Identifying age related hearing loss (Presbycusis)

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Written by Amplivox

As people get older, age related hearing loss (or presbycusis) may gradually affect their hearing. Essentially, it's the slow decline of high-pitched hearing in both ears. It’s one of the most common conditions accompanying ageing, affecting about one in three people ages 65–74 and nearly half of those 75 and older.1

Hearing problems are common in older adults and are most commonly the result of the natural ageing process, but other factors such as working environment, past activities, and health issues can also impact a person's hearing as they age. For instance, a person's previous social life can impact their hearing in the future.2

Age related hearing loss usually has an equal affect on both ears but people with presbycusis may not notice they are losing their hearing because it tends to happen gradually over time.


As we get older, our hearing might naturally deteriorate. However, experts believe that various factors, not just ageing, can impact hearing loss. As mentioned, this includes things like genetics, long-term exposure to loud noises, and certain medical conditions like diabetes, cardiovascular disease and high blood pressure.

Complex changes in the nerve pathways from the ear to the brain can worsen hearing loss, as can abnormalities in the middle ear (however these are less common).

Certain drugs, such as those used for chemotherapy can also be harmful to the sensory cells in your ears, which can also lead to hearing loss.3


Presbycusis tends to occur within the highest frequency sounds first. This results in people having difficulty with certain tones, including: 


Speech Alarms and warnings

Consonants provide clarity of speech. People with age-related hearing loss often struggle to hear and distinguish these kinds of sounds, which can lead to speech sounding unclear, muffled, or distorted.

Technological devices such as oven timers and alerts have high frequency sounds. Those with presbycusis will struggle to hear them.

Difficulty hearing in noisy environments Needing higher volumes
Background noise can make it difficult for people with age-related hearing loss to grasp conversations. This is partly because they have difficulty distinguishing between different sounds. They may need to increase the volume on their TV, radio, or other audio devices to hear better.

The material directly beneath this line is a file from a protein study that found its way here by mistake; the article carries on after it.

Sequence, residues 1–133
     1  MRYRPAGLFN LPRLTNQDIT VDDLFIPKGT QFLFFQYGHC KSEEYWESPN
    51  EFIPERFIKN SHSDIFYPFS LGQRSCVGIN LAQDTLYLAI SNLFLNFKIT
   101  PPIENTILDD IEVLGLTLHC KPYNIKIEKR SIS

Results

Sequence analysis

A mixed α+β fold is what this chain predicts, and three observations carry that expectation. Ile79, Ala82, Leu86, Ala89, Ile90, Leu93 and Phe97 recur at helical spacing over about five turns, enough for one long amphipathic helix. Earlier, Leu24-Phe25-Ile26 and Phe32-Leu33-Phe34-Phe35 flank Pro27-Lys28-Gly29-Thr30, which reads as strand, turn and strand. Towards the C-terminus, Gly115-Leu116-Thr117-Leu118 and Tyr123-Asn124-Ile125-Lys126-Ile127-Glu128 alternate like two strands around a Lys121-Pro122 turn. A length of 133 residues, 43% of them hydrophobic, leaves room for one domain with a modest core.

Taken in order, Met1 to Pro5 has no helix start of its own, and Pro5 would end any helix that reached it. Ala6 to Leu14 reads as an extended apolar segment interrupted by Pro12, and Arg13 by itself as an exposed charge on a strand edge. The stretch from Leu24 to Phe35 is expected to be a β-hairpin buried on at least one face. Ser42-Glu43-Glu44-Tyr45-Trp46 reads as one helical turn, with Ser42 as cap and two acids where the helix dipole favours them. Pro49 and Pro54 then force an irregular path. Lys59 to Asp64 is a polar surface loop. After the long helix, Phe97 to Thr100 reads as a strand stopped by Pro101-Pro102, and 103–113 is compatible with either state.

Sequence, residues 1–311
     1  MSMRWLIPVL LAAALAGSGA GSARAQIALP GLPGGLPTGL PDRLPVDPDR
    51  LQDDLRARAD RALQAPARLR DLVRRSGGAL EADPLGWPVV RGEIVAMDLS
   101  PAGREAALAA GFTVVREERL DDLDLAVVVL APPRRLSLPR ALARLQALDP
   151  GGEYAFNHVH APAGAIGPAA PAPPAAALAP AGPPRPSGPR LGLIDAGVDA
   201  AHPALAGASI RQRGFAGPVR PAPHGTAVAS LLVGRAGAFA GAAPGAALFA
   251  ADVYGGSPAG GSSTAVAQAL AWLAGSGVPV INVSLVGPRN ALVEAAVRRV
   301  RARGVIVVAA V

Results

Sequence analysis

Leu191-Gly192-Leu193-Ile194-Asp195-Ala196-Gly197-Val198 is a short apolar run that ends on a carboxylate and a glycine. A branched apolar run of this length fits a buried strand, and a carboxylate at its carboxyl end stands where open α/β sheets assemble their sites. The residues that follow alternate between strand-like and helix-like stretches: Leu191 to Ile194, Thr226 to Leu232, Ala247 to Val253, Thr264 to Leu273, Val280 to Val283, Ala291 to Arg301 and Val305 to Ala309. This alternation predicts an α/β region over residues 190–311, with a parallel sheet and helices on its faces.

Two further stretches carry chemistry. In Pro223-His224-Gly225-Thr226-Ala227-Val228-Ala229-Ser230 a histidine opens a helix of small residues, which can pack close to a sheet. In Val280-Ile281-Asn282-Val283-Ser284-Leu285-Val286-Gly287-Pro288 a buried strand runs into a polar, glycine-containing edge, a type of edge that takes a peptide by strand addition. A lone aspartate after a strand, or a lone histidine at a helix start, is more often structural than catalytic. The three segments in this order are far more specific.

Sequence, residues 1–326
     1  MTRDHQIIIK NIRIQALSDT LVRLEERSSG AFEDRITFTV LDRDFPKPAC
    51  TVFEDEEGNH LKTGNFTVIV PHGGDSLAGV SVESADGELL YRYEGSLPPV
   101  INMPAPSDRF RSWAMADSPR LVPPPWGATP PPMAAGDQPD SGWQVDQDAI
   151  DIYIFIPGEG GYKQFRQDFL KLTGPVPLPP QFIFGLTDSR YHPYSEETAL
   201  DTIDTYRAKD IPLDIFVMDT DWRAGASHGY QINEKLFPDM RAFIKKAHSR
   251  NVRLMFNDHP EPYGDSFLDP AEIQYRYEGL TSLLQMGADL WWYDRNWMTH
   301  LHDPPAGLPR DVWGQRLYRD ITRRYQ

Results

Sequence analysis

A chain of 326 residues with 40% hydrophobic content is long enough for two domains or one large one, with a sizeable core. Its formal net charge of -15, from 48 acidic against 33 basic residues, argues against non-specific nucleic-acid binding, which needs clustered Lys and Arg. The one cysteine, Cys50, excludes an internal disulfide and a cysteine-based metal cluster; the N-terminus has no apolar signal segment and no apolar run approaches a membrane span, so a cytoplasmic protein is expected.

Tinnitus Social isolation
Tinnitus is a noise in the ears, like ringing or buzzing, that some older people with hearing loss can experience. Age-related hearing loss doesn't exclusively cause tinnitus, but it can be an associated symptom. People who have difficulty hearing may struggle to participate in social activities. As a result, they can choose to distance themselves from others, which can lead to feelings of loneliness and sadness.


It's important to remember that age-related hearing loss can be different for each person, and not everyone will have the same symptoms.


Once an audiologist has identified and diagnosed a type of hearing loss, they can determine a suitable rehabilitation method. This will vary depending on the situation. An audiologist will talk about appropriate treatment options. 

One possible method of rehabilitation is through the prescription of a hearing aid. The type of hearing aid can vary in output performance, size, style, and features, depending on the nature and severity of the hearing loss.

In severe cases a cochlear implant might be required, for example when hair cells are damaged or missing, or where sound isn't able to properly reach the hearing nerve.


It's important to routinely assess the hearing function to identify any hearing loss. Hearing checks can take place in the community, at work, or by visiting a doctor or audiologist. 

Our extensive range of dependable, PC-based screening audiometers provide a customised and flexible mobile or static screening solution. They also provide data management tailored to the user’s specific requirements, guaranteeing accurate and efficient testing.

Before choosing the correct treatment, it's important to accurately diagnose the cause and type of hearing loss.

We've developed a suite of easy-to-use diagnostic audiometers. Our devices can perform a wide range of hearing loss tests including AC, BC, speech, and special tests like ABLB, Stenger, SISI, Tone decay, HLS, and MHA.

To learn more about our audiometers, you can visit our audiometers webpage. Or contact our customer support team on +44 (0)1865 880 846 or via email.



1Johns Hopkins Medicine. Age-Related Hearing Loss (Presbycusis). Accessed at:,of%20the%20change%20at%20first.

2National Institute on Aging. Hearing Loss: A Common Problem for Older Adults. Accessed at:

3National Institute on Deafness and Other Communication Disorder. Age-Related Hearing Loss (Presbycusis). Accessed at:

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